Why is Berlin the Creative Capital of the World?
After the fall of the Berlin wall it was predicted that as a gateway to central Europe, Berlin would regain its pre-war role as an industrial centre. Instead, it lost almost 70% of its manufacturing jobs as the generous subsidies paid to both the Eastern and Western halves of Berlin were largely withdrawn following unification in 1990. A legacy of its past as a divided city is evident in the fact that it still has three opera houses and three universities. Yet, its commitment to cultivating creativity has cemented its status as an economic backbone of the country. According to the economics ministry of Berlin’s senate, the music industry is now Berlin’s third biggest economic force, employing almost 14,000 people.
It’s a city that has long been saturated with an increasingly powerful cadre of global creatives carving out niche scenes across art, music and fashion and other creative industries–living the bohemian dream and revelling in the city’s grittiness, its disrespect for authority, cheap rents and even its lax smoking laws. More than two decades after the fall of the Berlin Wall, the cultural life of the city has exploded, and it continues to be a city in which artists can actually afford to live.
It’s a stark contrast to fading lustre of creative hubs like New York and London– where corporate culture has snowballed, stifling creativity and pushing its creative communities to a precarious edge. Both London and New York are hauntingly expensive cities with dizzying rent prices and increasingly astronomical cost of living. It’s no surprise the creative classes of such cities are migrating to emerging hubs and refusing to romanticise the incredible exploitation of cities like London and New York.
i-D Magazine recently featured a slew of young Londoners disenchanted by life in Britain with its dictum of austerity following the results of the recent general election where the Conservatives will continue to govern for another five years. That’s reason enough for Britain’s disillusioned generation marred by broken promises to decamp to Berlin where its liberalism, a low cost of living and its thriving creative scene make it seem a city without any limits. The German capital has even introduced a rent cap in a bid to arrest some of the fastest rising rents in Europe. This essentially means that landlords will be prevented from raising the rent by more than ten per cent above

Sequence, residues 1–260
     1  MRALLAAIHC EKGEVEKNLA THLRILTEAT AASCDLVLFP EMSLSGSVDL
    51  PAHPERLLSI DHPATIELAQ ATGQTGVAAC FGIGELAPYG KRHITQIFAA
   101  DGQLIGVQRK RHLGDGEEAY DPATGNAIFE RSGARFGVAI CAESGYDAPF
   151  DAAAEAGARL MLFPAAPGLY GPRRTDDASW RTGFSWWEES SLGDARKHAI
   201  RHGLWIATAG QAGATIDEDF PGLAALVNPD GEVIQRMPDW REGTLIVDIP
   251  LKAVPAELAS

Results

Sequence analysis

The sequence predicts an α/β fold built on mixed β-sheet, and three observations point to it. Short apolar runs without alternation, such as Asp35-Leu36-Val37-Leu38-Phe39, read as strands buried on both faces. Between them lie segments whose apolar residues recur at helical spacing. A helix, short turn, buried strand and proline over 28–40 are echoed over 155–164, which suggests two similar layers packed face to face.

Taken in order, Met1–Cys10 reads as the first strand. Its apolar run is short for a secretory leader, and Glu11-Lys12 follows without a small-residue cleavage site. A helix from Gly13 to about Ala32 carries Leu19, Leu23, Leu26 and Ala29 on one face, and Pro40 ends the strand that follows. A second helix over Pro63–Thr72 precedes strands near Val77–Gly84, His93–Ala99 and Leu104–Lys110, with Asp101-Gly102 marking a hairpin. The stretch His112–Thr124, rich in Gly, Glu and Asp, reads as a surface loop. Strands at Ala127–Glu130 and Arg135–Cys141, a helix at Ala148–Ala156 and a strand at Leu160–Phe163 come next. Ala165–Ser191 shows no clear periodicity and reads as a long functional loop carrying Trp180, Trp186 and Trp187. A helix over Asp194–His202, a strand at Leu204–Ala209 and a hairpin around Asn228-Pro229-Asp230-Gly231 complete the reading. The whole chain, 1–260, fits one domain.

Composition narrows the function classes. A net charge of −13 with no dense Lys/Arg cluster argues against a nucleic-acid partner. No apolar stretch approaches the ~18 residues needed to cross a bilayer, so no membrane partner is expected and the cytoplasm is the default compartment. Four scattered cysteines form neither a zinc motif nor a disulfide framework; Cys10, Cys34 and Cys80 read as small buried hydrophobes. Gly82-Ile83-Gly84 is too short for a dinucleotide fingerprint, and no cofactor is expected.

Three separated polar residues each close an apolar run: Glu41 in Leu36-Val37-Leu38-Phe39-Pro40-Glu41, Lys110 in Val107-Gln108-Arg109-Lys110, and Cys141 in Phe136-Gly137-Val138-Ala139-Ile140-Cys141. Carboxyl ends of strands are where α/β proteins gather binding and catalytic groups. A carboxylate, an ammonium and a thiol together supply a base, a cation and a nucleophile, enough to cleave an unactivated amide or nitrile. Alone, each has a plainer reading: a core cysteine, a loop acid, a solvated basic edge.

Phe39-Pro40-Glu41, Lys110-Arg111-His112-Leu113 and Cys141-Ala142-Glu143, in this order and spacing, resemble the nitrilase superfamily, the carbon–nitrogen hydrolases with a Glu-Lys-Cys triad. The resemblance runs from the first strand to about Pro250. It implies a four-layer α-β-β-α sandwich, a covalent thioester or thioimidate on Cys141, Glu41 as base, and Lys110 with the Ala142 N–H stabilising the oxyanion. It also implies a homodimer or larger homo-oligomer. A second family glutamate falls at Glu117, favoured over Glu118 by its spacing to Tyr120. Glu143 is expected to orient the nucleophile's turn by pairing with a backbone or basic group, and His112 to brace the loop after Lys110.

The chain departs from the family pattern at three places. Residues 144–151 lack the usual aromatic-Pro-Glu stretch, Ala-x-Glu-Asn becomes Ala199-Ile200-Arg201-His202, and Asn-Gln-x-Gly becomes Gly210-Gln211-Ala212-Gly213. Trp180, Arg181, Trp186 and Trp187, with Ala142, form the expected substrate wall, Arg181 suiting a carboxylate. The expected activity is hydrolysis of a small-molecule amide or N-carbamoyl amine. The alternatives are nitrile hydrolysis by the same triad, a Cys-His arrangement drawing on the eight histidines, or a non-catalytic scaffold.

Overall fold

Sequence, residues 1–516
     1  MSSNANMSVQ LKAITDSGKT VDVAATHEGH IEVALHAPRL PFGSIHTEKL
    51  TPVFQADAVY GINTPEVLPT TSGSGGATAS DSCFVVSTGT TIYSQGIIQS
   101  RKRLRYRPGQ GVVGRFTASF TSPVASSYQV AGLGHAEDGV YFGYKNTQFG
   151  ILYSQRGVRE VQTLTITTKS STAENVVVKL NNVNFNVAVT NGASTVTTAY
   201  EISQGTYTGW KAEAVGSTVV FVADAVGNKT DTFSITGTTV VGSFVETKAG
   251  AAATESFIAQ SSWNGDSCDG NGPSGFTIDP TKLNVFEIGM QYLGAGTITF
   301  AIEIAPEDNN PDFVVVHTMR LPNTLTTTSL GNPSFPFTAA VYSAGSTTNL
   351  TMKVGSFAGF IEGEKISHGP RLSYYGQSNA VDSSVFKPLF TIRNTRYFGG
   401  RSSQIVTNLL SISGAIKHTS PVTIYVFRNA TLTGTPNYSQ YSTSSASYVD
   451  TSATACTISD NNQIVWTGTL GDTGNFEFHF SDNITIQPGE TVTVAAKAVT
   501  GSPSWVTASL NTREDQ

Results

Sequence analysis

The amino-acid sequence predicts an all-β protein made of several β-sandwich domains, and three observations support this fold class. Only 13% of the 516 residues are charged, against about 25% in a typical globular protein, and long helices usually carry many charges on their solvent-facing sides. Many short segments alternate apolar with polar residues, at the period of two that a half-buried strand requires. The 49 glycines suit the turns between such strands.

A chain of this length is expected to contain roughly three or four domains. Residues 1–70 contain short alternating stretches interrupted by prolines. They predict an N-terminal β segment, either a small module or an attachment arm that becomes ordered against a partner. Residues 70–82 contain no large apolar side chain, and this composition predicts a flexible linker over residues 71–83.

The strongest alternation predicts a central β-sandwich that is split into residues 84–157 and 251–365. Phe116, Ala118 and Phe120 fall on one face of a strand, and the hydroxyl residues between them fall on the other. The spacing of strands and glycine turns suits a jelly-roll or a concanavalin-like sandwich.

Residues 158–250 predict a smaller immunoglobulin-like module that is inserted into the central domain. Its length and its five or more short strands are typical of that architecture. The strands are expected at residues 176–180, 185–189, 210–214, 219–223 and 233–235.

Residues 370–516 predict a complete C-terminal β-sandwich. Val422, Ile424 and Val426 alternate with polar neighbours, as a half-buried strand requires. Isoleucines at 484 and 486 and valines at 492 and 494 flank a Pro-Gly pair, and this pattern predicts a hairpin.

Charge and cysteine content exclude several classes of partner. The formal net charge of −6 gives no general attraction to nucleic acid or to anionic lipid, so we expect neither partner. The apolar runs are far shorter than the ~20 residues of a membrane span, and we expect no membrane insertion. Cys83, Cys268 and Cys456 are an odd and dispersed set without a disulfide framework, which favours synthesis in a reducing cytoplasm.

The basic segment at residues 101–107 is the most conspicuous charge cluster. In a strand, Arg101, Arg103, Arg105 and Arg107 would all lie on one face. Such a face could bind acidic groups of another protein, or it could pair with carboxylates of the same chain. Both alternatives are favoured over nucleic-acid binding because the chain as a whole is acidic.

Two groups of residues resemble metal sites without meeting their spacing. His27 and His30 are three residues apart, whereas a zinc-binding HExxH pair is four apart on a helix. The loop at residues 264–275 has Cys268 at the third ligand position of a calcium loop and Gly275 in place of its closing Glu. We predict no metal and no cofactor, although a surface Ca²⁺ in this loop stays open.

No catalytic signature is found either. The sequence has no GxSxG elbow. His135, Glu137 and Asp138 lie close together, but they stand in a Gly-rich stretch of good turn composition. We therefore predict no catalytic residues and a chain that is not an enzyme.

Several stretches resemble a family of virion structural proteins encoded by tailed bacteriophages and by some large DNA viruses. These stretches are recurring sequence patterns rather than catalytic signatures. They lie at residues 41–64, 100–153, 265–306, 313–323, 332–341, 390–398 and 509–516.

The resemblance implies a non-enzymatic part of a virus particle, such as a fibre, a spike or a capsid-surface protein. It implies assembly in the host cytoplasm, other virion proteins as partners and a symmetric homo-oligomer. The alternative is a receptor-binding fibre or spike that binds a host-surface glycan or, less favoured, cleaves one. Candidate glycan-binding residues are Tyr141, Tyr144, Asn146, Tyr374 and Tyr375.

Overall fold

the local average.
It’s for reasons like this that such a multi-faceted synthesis of identities, cultures, and creative authorities from all corners of the globe have flocked here. Together, they have lubricated Berlin’s infectious coolness with a tangible sense of utopia.
It’s very true that American artists have been moving to Berlin in the droves in recent years. The New York Times proclaimed ‘Berlin like New York City in the 1980s. Rents are cheap, graffiti is everywhere and the air crackles with a creativity that comes from only a city in transition.’ According to government statistics, the number of Americans living in the German capital has doubled in the last 10 years and Damso Reyes of the cultural magazine Krax adds: ‘The days when up-and-coming painters such as Jasper Johns and Robert Rauschenberg could rent a huge loft in Manhattan for just a few hundred dollars a month are long gone.’
These aren’t just disgruntled artists, musicians, and creatives chasing New York’s nightlife folklore from a generation ago but young people actively regenerating Berlin’s local culture with kaealodscopic pose. Dan Denorch of JANUS–one of Berlin’s most loved parties–unapologetically opposes Berlin’s techno and house-laced legacy by welcoming a global pastiche of musical styles, taking over sleepy venues in the city, and working towards leaving a significant imprint on the city’s musical program.
In that respect, Berlin’s globalisation is intrinsic to its cultural explosion, and even its local economy owes a lot to a buzz engineered entirely by the diversity of its creative class.
Berlin’s trajectory over the past 20 or so years could be neatly summarised as once gritty, now slick. The city sure is slick now, and it stands firmly as an influential force in art and culture–but as always with most booming metropolis’, the more interesting stuff often bubbles under the surface, a premise that NJAL has always been committed to unearthing with its global community of 18,000 emerging designers.
With a host of up-and-coming galleries and spaces, Berlin is nurturing a diverse horde of young artists, many of whom have travelled from all over the world to its arms. Across these pages, NJAL wants to introduce you to just a few of the young artists flying the flag for Berlin, and cementing its status as a creative capital.